49600 single ended amp; I blew up the output caps! - diyAudio
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Old 16th July 2014, 03:30 PM   #1
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Default 49600 single ended amp; I blew up the output caps!

After many revisions, setbacks, and tweaks, I finally assembled my op amp front end, 49600 output, single ended headphone amp onto a permanent circuit board. I used two Nichicon 63 volt, 680 uF "high ripple current" "7K hour service life" caps in parallel per output as coupling caps. I first tested it with a 9 volt transistor battery and to my surprise it sounded super clean, and very powerful; although it did pull the battery down very fast. Then I ran it off of a 12 volt wall wart and it was noticeably "punchier." I intend to ultimately run it off a 20 volt wall wart once I get this last issue sorted.

It sounded so good - dead quiet background, super effortless power, and everything was there in the music; bass clean and tight but not overpowering, midrange super crystal clear, highs all there; every note was distinct and not jumbled together. I listened to it for over two hours (success at last!); loud and soft, acoustic jazz and classic rock, modern "rock" like Tool and Rage, and I know it's a cliché thing to say but I heard stuff I never heard before in these familiar tracks. Then while I was cranking it, it kind of fuzzed out and I looked down at the circuit board and the output caps were blowing their tops! The tops ruptured and the Magic Juice sprayed right out of them while I was watching!

I'm thinking that either these were the wrong caps for the application, or else the amp started oscillating. The output devices were barely warm and when I rigged it up with some cheapie caps on the output it still worked great.

So I'm going to do some snooping because I'm really ready to button this project up, but I was hoping that somebody would have some insight into this; maybe I'm missing something. So thanks for reading.
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Old 16th July 2014, 03:38 PM   #2
AndrewT is online now AndrewT  Scotland
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non polar caps (MKP, MKT etc) have a maximum rating.
But when you look at the datasheet you see the manufacturer telling us that they must be de-rated substantially when passing an AC current.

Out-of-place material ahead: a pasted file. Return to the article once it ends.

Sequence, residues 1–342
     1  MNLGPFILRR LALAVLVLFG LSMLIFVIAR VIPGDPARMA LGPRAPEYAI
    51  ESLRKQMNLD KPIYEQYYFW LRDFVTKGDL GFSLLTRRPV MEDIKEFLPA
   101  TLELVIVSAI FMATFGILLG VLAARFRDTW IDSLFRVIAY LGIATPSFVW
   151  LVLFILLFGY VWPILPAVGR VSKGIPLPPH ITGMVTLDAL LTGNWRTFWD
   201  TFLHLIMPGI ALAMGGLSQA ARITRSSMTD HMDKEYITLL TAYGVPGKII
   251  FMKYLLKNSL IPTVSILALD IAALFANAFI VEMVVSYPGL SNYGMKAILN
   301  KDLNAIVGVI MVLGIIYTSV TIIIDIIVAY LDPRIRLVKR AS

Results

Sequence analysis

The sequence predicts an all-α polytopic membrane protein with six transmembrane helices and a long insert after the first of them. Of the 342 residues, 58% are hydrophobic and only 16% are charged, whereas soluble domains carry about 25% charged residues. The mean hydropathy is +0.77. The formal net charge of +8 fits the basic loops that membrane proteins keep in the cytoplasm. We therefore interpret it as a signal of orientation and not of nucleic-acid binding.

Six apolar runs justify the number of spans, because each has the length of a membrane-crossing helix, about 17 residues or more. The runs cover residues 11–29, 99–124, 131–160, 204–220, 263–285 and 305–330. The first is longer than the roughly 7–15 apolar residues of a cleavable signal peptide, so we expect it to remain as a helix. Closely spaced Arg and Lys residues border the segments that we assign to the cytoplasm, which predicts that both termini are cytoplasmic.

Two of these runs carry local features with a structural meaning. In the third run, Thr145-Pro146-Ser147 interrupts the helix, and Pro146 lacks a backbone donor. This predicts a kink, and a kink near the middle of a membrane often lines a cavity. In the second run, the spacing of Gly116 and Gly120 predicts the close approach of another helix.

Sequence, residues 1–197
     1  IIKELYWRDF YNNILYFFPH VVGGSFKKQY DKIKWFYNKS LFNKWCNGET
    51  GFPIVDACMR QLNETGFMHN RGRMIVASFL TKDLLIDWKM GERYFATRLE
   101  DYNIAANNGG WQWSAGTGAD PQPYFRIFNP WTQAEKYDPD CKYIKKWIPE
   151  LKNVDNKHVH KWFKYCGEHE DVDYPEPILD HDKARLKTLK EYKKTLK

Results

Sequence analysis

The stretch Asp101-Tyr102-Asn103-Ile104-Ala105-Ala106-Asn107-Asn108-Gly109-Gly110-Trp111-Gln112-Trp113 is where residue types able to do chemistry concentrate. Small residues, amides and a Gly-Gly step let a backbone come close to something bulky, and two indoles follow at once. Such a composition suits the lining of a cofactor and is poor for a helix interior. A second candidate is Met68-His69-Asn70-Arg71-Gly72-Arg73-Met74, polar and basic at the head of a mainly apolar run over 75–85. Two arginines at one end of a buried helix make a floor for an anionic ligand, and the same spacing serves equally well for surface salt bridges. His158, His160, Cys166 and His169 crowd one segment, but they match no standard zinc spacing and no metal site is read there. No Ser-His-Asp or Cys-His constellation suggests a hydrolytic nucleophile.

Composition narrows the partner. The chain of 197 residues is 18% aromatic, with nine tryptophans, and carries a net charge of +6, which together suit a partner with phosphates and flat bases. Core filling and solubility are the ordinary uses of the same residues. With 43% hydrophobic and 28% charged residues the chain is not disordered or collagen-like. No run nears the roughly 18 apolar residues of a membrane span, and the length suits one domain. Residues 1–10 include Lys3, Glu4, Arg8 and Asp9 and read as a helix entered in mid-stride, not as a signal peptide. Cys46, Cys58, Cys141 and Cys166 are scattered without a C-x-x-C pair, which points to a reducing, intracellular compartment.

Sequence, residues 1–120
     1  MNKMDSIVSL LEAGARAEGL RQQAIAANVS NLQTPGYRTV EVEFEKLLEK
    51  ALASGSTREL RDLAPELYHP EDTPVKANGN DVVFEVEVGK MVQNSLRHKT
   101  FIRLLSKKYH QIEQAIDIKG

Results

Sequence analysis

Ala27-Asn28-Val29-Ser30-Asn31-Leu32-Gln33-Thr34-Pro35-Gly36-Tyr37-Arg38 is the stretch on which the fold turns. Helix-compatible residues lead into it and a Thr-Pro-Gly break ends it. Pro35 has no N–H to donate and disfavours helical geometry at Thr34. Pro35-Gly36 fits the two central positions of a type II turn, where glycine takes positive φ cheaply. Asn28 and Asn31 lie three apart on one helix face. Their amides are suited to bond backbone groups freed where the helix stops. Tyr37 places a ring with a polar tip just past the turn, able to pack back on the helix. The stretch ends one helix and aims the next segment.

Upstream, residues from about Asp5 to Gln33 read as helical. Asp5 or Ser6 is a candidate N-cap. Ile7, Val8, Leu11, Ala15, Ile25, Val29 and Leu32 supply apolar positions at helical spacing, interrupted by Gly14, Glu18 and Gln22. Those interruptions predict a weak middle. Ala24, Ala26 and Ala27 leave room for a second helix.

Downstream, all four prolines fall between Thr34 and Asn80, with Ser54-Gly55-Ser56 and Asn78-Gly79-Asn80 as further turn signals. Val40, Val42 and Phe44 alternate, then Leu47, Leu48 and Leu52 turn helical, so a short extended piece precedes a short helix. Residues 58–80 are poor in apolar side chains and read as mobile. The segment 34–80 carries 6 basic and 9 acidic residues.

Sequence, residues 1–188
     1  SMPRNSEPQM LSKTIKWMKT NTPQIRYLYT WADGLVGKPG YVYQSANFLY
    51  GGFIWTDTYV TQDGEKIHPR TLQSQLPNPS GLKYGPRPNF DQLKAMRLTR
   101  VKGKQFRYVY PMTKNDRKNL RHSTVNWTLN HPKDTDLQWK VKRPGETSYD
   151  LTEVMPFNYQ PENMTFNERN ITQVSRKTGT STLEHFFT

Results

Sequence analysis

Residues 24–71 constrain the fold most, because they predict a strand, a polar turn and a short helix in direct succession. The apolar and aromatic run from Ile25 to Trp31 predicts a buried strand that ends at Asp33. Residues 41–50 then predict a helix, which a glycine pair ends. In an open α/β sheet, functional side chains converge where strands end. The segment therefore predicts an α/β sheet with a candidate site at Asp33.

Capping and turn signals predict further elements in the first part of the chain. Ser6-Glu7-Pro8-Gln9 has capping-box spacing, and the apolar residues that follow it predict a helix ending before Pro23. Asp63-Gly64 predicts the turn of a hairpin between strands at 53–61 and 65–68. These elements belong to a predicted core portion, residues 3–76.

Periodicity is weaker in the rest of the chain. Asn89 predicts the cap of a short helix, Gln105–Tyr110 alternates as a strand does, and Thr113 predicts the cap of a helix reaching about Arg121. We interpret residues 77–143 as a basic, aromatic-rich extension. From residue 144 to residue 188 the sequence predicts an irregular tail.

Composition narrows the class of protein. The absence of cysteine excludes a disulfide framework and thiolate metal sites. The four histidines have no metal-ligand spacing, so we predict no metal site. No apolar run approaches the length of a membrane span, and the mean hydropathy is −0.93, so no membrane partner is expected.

I have not checked a polar cap datasheet for what this de-rating amounts to. Mostly because I don't have any single ended amplifiers.
But I have recently started experimenting with polar and bi-polar DC blocking caps for driving Treble speakers. Must do more research.

The problem is the ESR heats up the capacitor in proportion to the current squared.

That could be a lot of power on the transients, even though they are of short duration.
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Old 16th July 2014, 03:59 PM   #3
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Yes Andrew, I was thinking this. Perhaps an array of "audio grade" caps would be a better choice? I did parallel one "audio grade" 4.7 uF capacitor with each pair of big boys.

The power involved really isn't that high, though. The 49600 are rated 250 mA output nominal; and I was listening to music, not driving a dummy load with a test tone.

I have a "zobel" network on the output; on the headphone side of the caps. Would putting it right on the device output make any difference? It seems like a minor consideration.

I'm thinking that maybe four or six smaller caps in parallel would be better? It's working fine now with a generic 470 uF cap on each output.

After fussing with a lot of details, this last obstacle seems silly. I was ready to stuff it all into an enclosure and use it, and move on to my next project.

It was pretty cool to see the caps blow up in real time, though. That made it almost worth the $5 that the four caps cost.